Newly crowned world heavyweight champion Tyson Fury has insisted that allegations of homophobia and racism are untrue - and that he still holds an ambition to fight at Croke Park.
Fury, who defeated Wladimir Klitschko on Saturday night in Dusseldorf, responded to the news that dominated the build-up to the fight - when he was reported as making homophobic slurs in an interview with the Mail on Sunday.
"I'm not homophobic, I'm not racist. I'm not against any people."
Speaking to Sean O’Rourke on RTÉ Radio 1 this morning, Fury denied he held such views and said his comments were “misquoted”.
In the article, Fury was quoted as grouping homosexuality and abortion as three "evils" alongside paedophelia.
"There are only three things that need to be accomplished before the devil comes home," Fury told the Mail.
"One of them is homosexuality being legal in countries, one of them is abortion and the other one’s paedophilia. Who would have thought in the 50s and 60s that those first two would be legalised?"
Speaking today, Fury claimed he was misquoted. “It's newspapers trying to sell papers on writing bad things about me. I don't have any hate for anybody.
"I'm not homophobic, I'm not racist. I'm not against any people. All I have for people is love. At the end of the day, we're all brothers and sisters in god. What people do is none of my business.”
On the subject of his next fight, the champion is unsure of what his next bout will be - but a second fight with Wladimir Klitschko is still a possibility.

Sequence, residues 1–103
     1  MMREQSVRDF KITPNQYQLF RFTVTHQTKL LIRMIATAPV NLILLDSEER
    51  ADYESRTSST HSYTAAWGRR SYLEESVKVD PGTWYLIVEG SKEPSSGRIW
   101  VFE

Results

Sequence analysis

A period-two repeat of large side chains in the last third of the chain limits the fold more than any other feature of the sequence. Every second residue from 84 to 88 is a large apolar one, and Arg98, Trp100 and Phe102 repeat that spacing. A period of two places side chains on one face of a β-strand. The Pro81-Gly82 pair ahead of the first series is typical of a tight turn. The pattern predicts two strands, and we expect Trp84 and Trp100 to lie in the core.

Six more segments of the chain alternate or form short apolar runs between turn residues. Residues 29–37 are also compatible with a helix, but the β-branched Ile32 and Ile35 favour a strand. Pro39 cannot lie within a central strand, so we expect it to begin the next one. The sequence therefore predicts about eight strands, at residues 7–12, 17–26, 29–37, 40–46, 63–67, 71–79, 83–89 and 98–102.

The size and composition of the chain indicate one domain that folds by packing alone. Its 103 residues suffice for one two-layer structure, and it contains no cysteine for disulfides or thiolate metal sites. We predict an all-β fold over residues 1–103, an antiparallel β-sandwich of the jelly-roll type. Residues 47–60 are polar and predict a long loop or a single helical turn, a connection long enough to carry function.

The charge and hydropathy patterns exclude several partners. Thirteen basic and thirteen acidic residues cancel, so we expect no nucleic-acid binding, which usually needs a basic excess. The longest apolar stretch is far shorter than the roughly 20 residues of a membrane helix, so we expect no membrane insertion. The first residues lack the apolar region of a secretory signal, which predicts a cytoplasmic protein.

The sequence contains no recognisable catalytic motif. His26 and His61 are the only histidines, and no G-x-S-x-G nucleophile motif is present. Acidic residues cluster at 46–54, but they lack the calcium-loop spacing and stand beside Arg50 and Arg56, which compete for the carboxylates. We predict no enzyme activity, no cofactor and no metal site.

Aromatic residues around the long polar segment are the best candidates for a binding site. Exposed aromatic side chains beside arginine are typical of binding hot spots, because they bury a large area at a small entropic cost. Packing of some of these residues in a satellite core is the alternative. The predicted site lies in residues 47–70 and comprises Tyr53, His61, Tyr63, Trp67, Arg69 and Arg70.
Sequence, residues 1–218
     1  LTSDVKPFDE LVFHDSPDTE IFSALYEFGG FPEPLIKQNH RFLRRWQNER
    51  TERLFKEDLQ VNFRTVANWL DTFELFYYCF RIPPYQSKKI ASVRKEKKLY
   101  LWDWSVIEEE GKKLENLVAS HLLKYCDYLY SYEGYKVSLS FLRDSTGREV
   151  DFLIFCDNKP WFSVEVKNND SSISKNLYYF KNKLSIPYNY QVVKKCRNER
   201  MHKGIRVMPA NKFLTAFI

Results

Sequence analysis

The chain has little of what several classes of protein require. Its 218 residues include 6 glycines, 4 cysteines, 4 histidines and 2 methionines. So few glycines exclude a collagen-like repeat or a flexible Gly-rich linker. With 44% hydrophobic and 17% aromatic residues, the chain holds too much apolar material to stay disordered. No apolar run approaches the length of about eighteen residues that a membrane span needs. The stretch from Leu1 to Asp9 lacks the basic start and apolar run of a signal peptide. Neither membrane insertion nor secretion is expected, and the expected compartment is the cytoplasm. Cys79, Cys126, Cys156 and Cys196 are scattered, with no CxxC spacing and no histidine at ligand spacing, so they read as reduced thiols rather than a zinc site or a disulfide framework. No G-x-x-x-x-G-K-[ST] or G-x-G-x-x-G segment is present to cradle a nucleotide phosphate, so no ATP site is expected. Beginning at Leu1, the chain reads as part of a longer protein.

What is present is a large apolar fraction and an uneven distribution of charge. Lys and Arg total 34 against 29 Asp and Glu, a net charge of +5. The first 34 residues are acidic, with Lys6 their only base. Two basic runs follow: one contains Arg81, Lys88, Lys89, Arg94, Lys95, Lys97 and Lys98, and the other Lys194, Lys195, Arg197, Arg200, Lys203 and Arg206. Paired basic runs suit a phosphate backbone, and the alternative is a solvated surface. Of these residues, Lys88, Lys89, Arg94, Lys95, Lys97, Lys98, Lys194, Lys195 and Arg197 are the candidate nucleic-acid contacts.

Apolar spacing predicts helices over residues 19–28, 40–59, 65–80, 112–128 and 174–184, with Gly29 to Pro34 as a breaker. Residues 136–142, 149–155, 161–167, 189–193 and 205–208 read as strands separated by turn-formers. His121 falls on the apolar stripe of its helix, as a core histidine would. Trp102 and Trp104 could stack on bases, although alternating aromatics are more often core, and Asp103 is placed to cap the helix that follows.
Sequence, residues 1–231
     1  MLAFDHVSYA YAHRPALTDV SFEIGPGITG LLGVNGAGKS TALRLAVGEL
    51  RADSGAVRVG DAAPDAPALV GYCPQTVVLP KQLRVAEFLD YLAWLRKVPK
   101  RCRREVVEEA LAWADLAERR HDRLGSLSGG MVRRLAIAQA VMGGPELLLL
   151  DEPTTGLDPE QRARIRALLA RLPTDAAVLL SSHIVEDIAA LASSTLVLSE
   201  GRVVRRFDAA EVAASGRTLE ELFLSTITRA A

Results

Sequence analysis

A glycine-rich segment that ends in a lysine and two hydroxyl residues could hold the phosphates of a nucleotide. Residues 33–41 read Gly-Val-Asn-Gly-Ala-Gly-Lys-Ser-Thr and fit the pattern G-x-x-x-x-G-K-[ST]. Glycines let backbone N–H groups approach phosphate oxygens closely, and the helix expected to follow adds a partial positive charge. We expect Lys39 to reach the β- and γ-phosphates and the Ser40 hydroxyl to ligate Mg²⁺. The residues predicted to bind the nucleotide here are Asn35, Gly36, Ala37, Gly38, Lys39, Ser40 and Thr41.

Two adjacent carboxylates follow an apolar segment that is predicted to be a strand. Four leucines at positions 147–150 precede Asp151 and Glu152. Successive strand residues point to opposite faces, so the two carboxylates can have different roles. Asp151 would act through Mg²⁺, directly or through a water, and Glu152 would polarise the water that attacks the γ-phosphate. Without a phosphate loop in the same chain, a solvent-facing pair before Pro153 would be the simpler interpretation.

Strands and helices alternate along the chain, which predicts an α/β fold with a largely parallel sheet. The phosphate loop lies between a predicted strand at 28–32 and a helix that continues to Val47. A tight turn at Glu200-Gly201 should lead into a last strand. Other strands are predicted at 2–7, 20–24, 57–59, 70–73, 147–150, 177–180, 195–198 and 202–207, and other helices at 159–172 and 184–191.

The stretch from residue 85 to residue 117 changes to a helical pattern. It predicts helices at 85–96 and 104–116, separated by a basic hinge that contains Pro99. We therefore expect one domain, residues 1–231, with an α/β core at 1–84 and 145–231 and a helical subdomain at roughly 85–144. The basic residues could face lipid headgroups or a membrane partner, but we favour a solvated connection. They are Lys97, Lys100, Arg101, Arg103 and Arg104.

“I don't know if he is going to take the rematch or not. There is a contract to say he is entitled to a rematch. I don't know where it is going to be. I have always said I would like to fight at Croke Park. Maybe that can be a reality one day.
Fury said there were always certain venues he wanted to box in: "One of the was Madison Square Garden and I did that one. One of them was Old Trafford and I haven't done that one. And the other one is Croke Park. They are the three venues I wanted to box in - I wasn't really interested in Las Vegas and all of them places. The three I always said was Croke Park, United and Madison Square Garden. “
He spoke of the disappointment at not being able to represent Ireland in the Beijing Olympics in 2008 and revealed how his Irish heritage was a big part of his life growing up - Fury’s family traces back to Galway and Belfast.
“It was heart-breaking. It was heart-breaking for my family and my Dad. They tried to deny his Irish heritage and it was really upsetting time for the family. You can take a man out of Ireland but you can't take the Irishness out of the man. Growing up I was brought up around Irish music, Irish traditions.
“Even though I ain't Irish and I'm born and bred in Manchester, with Irish heritage and roots, you're always brought up around that sort of thing and it was heart-breaking form my Dad to see it. There was a lot of politics going on and Ireland were denied an Olympic gold medal in 2008.”